There is a weighty silence, the kind that drapes the shoulders, at the gravesite of Navy Lt. Cmdr. Otis Vincent Tolbert.
Time remains frozen. On this anniversary there is a blue sky above, as unblemished as it was 11 years ago.
That day, Tolbert showed up for work at the Pentagon, a naval intelligence officer born and raised in California’s San Joaquin Valley.
He was a week away from his 39th birthday, a big guy who once played football for Fresno State. His wife, Shari, whom he met while working at a Fresno movie theater, was at home tending their three children.
About 9:37 a.m., EDT, Tolbert was killed when terrorists flew American Airlines Flight 77 into the western face of the Pentagon. The blast and fire blew away the triple-locked doors meant to keep the intelligence staff secure. He was one of 125 Pentagon personnel to die that morning, along with all 59 people aboard the airplane. The hijackers lost their lives as well, but that was part of their job description.
The toll of the passenger jet turned suicide missile included an Army lieutenant general and a Navy rear admiral, a 69-year-old retired Army master sergeant, and a couple of 21-year-old sailors.
Among the victims aboard the disintegrated aircraft were two sisters from suburban Maryland, one 8, the other just 3.
“It was a day like this one; a clear blue sky, but a sky that would soon be filled with clouds of smoke and prayers of a nation shaken to its core,” President Barack Obama recalled at a Pentagon memorial service.
Afterward, the president and first lady Michelle Obama made an unscheduled stop at Arlington National Cemetery, where they walked to a collective memorial for those who died in an Oct. 26, 2009, helicopter crash in Afghanistan. At the memorial, as well as at several individual gravesites, Obama placed challenge coins, military medallions handed out for merit and motivation.
Others, identities unknown, already had placed small stones on some of the grave markers for the Pentagon’s 9/11 victims. A flat, oblong, earthen-colored stone with a tiny crack sat atop Tolbert’s. Other gravesites had more. All of the 9/11 plots had small American flags planted next to modest red, white and blue bouquets, each one small enough to fit into the palm of a hand.
Some of the 9/11 remains are now mingled beneath a five-sided memorial in Section 64 of the cemetery, a 15-minute walk from the visitors center. The memorial lists the victims’ names in alphabetical order and stands about 4 1/2 feet high, near the individual 9/11 gravesites. Tolbert’s marker is about 25 yards away.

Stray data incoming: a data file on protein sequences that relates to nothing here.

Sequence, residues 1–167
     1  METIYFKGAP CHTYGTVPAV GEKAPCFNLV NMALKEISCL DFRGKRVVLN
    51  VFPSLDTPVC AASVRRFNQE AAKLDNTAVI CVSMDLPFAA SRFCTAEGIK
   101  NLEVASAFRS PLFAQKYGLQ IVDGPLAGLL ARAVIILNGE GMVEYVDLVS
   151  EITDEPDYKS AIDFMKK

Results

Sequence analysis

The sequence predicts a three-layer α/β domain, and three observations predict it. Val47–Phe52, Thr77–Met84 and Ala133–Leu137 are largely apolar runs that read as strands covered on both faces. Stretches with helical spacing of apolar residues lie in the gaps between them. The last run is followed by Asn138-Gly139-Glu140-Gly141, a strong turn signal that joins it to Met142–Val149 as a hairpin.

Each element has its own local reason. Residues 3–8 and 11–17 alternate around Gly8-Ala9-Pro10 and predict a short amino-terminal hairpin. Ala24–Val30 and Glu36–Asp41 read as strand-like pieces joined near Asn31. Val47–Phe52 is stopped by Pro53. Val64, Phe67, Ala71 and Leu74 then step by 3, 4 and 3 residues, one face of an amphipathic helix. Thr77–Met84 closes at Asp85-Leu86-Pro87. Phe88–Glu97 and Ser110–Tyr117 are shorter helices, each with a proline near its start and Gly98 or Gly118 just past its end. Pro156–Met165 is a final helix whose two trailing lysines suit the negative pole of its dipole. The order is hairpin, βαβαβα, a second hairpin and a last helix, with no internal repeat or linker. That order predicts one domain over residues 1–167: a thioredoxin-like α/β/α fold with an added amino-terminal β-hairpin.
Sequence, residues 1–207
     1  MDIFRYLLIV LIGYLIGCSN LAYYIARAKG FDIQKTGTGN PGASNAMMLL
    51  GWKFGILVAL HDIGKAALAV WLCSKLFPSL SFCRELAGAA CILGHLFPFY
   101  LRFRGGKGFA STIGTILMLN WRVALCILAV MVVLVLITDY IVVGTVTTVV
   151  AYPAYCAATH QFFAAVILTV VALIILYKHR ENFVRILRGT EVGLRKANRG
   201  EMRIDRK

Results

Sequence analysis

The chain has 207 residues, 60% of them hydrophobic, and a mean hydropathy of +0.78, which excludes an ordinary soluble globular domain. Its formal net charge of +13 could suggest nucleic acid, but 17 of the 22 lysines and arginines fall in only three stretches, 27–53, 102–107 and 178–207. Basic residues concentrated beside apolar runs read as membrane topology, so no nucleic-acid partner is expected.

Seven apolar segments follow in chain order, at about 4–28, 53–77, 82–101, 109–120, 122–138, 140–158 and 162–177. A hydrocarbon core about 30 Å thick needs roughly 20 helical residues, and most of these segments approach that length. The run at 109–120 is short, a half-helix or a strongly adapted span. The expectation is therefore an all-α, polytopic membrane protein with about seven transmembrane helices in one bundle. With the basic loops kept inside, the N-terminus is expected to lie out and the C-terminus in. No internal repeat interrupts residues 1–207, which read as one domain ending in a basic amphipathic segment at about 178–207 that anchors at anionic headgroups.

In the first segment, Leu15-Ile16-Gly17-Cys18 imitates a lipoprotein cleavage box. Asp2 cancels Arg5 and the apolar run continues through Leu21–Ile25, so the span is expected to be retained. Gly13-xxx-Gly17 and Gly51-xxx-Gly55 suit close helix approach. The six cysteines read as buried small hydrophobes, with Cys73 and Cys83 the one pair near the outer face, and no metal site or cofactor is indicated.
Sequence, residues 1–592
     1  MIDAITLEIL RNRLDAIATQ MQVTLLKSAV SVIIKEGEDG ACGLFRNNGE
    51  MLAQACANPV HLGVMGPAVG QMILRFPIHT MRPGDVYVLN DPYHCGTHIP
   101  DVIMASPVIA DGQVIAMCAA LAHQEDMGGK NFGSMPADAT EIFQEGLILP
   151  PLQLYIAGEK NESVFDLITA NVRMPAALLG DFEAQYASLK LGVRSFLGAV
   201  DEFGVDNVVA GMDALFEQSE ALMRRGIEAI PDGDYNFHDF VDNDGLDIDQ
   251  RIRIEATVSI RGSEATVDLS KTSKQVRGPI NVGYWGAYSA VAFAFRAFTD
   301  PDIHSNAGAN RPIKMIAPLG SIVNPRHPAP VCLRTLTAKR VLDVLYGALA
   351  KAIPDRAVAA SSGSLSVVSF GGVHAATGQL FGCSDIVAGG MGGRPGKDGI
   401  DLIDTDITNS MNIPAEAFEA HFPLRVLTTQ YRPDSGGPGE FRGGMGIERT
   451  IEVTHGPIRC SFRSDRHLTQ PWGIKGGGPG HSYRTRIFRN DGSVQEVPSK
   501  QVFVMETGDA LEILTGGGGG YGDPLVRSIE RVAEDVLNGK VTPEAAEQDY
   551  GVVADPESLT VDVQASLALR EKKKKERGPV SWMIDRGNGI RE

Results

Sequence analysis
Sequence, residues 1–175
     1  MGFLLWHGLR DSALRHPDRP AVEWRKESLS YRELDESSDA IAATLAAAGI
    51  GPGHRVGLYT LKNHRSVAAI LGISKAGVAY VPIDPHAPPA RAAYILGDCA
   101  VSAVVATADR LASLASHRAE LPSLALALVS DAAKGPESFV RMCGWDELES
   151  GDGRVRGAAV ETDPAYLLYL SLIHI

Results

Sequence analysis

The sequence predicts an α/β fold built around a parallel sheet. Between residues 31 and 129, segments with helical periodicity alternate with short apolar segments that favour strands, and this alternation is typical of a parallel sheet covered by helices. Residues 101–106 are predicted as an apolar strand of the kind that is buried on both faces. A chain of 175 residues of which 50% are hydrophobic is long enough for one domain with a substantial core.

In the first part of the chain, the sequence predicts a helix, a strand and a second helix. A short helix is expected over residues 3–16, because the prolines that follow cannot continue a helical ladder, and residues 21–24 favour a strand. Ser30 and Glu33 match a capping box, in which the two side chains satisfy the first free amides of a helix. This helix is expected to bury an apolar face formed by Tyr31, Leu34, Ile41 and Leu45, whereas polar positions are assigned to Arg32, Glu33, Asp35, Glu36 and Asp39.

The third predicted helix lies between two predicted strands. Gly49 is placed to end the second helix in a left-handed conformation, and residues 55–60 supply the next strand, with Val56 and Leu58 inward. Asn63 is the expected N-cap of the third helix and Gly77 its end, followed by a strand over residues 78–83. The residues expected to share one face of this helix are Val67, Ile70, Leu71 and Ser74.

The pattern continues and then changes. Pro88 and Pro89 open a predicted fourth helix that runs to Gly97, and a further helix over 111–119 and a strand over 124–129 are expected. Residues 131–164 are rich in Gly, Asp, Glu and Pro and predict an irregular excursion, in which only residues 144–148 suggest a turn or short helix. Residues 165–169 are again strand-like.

“We pray,” Army Lt. Col. Tom Helms said Tuesday morning, “that we may remember their sacrifice.”
Helms is the senior chaplain at Arlington National Cemetery. He wears jump wings and an 82nd Airborne Division patch. He has gray hair, a trim build and a soothing manner. He can’t dwell too much on looking back; today’s funerals keep coming.
“I spend a lot of time over in Section 60,” Helms said. “It’s where we bury a lot of our Iraq and Afghanistan guys.”
While Obama was still participating in the more choreographed Pentagon service, Helms was leading a very small remembrance at what’s formally called the Victims of Terrorist Attack on the Pentagon. Two other Army officers were with him, along with a gray-haired woman of dignified air. She was one of the Arlington Ladies, a volunteer who ensures that no cemetery service goes unattended.
Three civilians and a reporter stood with the officers and the volunteer. As 9:37 approached, Helms offered a Christian prayer, then asked for silence. In the distance, some sporadic muffled booms concussed the air. No one spoke. There was quiet time to read banners stretched across several wreaths placed on stands around the memorial.
“Remembering the Naval Intelligence Heroes,” one said.
The reporter’s iPhone buzzed with incoming messages, politicians putting their own gloss on the day.
Republican National Committee Chairman Reince Preibus took the occasion to declare that “we remain committed to a strong national defense against the terrorists and extremists.”
The White House quoted Obama saying that “today, the war in Iraq is over (while) in Afghanistan, we’re training Afghan security forces and forging a partnership with the Afghan people.”
The service ended; the people scattered.
At a distant gravesite, in a different section, officers and enlisted men gathered. A Navy band struck up a tune, and with a measured pace, some mourners began moving toward a fresh grave.